Spotted Dove Streptopelia chinensis

Category C; Common widespread resident.

Common but decreasing introduced resident of human-influenced habitats around the city. Breeds during spring and early summer, although some breeding records in winter as well. Not of conservation concern, although decline is interesting.

Common but decreasing introduced resident of human-influenced habitats around the city. Breeds during spring and early summer, although some breeding records in winter as well. Not of conservation concern, although decline is interesting.

Threat status Brisbane status
IUCN Least Concern eBird records 17,622
National Not listed Atlas squares 267
Queensland Not listed Reporting rate 25%

An introduced species from south east Asia, the Spotted Dove is one of Brisbane’s most common species of pigeon, a small, predominately brown and grey bird with a spotted neck from which it gets its name. It is common across several habitats around the city, but is most abundant in suburban parks and gardens, where birds are typically recorded in small numbers and can often be heard calling to one another. Interestingly, this species appears to be steadily decreasing in numbers, but no cause has yet been identified.

Common across parks and gardens throughout the city, the Spotted Dove is a familiar species to Brisbane birders, and can be heard calling throughout the day in almost any suburb. Identification is quite straightforward, with birds being easily separated from other species by their distinctive black-and-white spotted neck and unique call. Birds are somewhat gregarious, being typically found in pairs or small groups, although counts of up to 50 are attested (Skevington 1999). Counts of over 10 birds have occurred at more than 25 locations around the city, with the largest counts being at Oxley Creek Common, Karawatha Forest, Metroplex Wetlands, Fitzgibbon Bushland and Parkinson Park. Birds are present in Brisbane year-round with little seasonal variation, and breed locally, with a number of records throughout the year of breeding activity.

This species has experienced a marked decrease in reporting rate over the Atlas period, suggesting that birds are rapidly decreasing in numbers. The cause of this decline is unclear, and it would be good to determine if the factors influencing such a decline are affecting other species as well. As this is an introduced species and is common across much of Australia as well as its native range in Asia, birds are not considered to be of any significant conservation concern despite this decline.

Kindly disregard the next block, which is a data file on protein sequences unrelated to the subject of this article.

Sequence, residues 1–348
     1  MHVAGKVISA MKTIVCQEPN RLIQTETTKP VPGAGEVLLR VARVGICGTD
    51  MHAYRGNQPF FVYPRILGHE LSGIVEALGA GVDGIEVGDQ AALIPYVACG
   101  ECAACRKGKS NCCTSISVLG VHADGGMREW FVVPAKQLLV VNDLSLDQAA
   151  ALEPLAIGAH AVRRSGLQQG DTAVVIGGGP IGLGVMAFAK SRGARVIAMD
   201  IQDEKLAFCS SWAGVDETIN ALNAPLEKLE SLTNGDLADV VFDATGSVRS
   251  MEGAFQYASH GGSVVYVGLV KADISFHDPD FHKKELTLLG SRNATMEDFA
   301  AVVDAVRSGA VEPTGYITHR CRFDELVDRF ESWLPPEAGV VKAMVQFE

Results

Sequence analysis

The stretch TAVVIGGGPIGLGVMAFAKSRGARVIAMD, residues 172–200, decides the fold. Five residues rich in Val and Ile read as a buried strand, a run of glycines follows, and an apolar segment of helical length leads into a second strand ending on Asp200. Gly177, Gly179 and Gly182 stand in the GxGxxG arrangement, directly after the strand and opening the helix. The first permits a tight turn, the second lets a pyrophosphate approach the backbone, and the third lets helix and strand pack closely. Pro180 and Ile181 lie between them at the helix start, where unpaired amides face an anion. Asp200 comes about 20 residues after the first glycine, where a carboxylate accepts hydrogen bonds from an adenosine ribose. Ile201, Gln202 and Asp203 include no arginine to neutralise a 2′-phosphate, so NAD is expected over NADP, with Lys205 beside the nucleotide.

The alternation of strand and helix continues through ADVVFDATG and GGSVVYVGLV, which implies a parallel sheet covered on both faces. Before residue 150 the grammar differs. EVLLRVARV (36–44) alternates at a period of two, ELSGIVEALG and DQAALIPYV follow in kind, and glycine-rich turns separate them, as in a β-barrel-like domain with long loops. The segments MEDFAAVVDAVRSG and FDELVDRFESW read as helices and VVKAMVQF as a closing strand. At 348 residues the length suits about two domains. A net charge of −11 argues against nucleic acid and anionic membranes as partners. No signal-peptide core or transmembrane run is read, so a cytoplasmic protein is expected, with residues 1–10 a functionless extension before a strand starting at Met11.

Distribution and Habitat

Spotted Doves are found very widely across Brisbane in a wide variety of habitats. They are most common in the suburbs north and south of the city, and in some areas are reported on nearly all complete checklists. The appear to be more or less absent from the heavily-wooded forests of the west beyond Toowong area, and based on current available data appear to be at best uncommon on Moreton Island (and are yet to be reported on any of the inner islands in the bay). This species is more or less a lowland inhabitant of the Brisbane region, with the vast majority of records coming from under 50m, although there have been records of birds all the way up the mountains, including records of birds at Mount Glorious above 600m. This elevational distribution is likely due to the majority of Brisbane’s suburbia being lower down.

Birds have been reported from a wide variety of habitats, but are most common in human-altered environments, either non-remnant or built up. Birds are also common around wetlands, presumably as these habitats offer similar open ground and suitable trees like the built-up and non-remnant habitats do. Further records have come from estuarine, woodland and rainforest habitats, indicating that this species is well-suited to a large number of habitats. Birds appear to occupy more or less the same sites year-round, although notably there are a larger number of squares visited in spring than any other season. It would be good to determine the cause of this.

Seasonality and Breeding

Spotted Doves are common in Brisbane year-round, and do not appear to show any seasonal variations in abundance aside from the slight increase in sites occupied over spring as noted above. Birds breed in Brisbane, with approximately a dozen confirmed records of breeding activity, from a wide variety of scattered sites around the region. Most of these records have come from this species’ normal breeding season in late spring - early summer although there are some records from earlier in the year (late autumn - early winter), indicating that birds may breed year-round whenever conditions are favourable. It would be good to collect more breeding data for this species.


Spotted Doves are one of several species in Brisbane facing local declines in population, but based on current available data appear to be faring worse than most. Over the Atlas period, the annual reporting rate has declined from about 40% to 20%, with further declines likely. It is unclear as to what the causes behind this decline are, but likely a number of factors are influencing it. It would be good to collect some more detailed trend analysis and further information to determine the factors behind this decline, and to understand whether such factors are also impacting other species.

Information Gaps

  • Collect more breeding information
  • Determine why this species is declining
  • Collect records of this species in the Camel’s Head and Moreton Island

Key Conservation Needs

  • Understand why the species is declining and protect against further declines that may impact other species

Contributors to Species Account

Louis Backstrom


Skevington J (1999) eBird Checklist: